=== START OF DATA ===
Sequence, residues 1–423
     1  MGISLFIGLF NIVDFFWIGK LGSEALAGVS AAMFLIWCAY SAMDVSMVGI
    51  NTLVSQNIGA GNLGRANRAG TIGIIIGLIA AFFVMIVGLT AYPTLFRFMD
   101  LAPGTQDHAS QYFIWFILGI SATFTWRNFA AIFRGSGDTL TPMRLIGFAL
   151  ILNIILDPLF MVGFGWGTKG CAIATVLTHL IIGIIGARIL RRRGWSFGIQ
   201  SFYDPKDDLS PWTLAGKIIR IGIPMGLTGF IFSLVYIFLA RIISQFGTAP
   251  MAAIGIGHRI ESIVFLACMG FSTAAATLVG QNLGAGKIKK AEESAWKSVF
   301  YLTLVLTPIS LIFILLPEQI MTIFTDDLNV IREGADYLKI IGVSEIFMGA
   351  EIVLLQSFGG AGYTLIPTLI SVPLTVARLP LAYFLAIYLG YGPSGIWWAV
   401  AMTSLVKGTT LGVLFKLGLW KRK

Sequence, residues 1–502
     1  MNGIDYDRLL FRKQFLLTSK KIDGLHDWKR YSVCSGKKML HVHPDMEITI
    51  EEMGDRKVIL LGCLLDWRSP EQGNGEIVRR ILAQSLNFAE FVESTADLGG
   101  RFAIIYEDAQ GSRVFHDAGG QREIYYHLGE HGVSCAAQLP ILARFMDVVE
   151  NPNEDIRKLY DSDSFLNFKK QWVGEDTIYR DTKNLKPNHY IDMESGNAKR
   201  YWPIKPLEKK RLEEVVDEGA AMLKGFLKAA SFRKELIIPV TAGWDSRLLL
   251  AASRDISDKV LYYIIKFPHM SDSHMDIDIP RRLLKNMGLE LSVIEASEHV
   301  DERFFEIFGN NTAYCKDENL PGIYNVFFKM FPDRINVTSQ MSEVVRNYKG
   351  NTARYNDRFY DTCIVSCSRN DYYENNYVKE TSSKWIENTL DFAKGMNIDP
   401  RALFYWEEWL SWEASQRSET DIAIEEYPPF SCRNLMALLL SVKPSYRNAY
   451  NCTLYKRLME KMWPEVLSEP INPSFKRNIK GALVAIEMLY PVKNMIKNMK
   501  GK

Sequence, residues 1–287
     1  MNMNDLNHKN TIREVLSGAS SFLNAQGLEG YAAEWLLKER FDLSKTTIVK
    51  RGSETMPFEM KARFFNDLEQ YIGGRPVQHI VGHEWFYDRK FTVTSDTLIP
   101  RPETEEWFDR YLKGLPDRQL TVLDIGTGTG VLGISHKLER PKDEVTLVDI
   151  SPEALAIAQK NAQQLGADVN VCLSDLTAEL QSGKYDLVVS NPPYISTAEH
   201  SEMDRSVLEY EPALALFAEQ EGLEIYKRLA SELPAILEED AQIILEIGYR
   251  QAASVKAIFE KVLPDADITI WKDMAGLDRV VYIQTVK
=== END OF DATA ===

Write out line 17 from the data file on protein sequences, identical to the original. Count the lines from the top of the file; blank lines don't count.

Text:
   251  AASRDISDKV LYYIIKFPHM SDSHMDIDIP RRLLKNMGLE LSVIEASEHV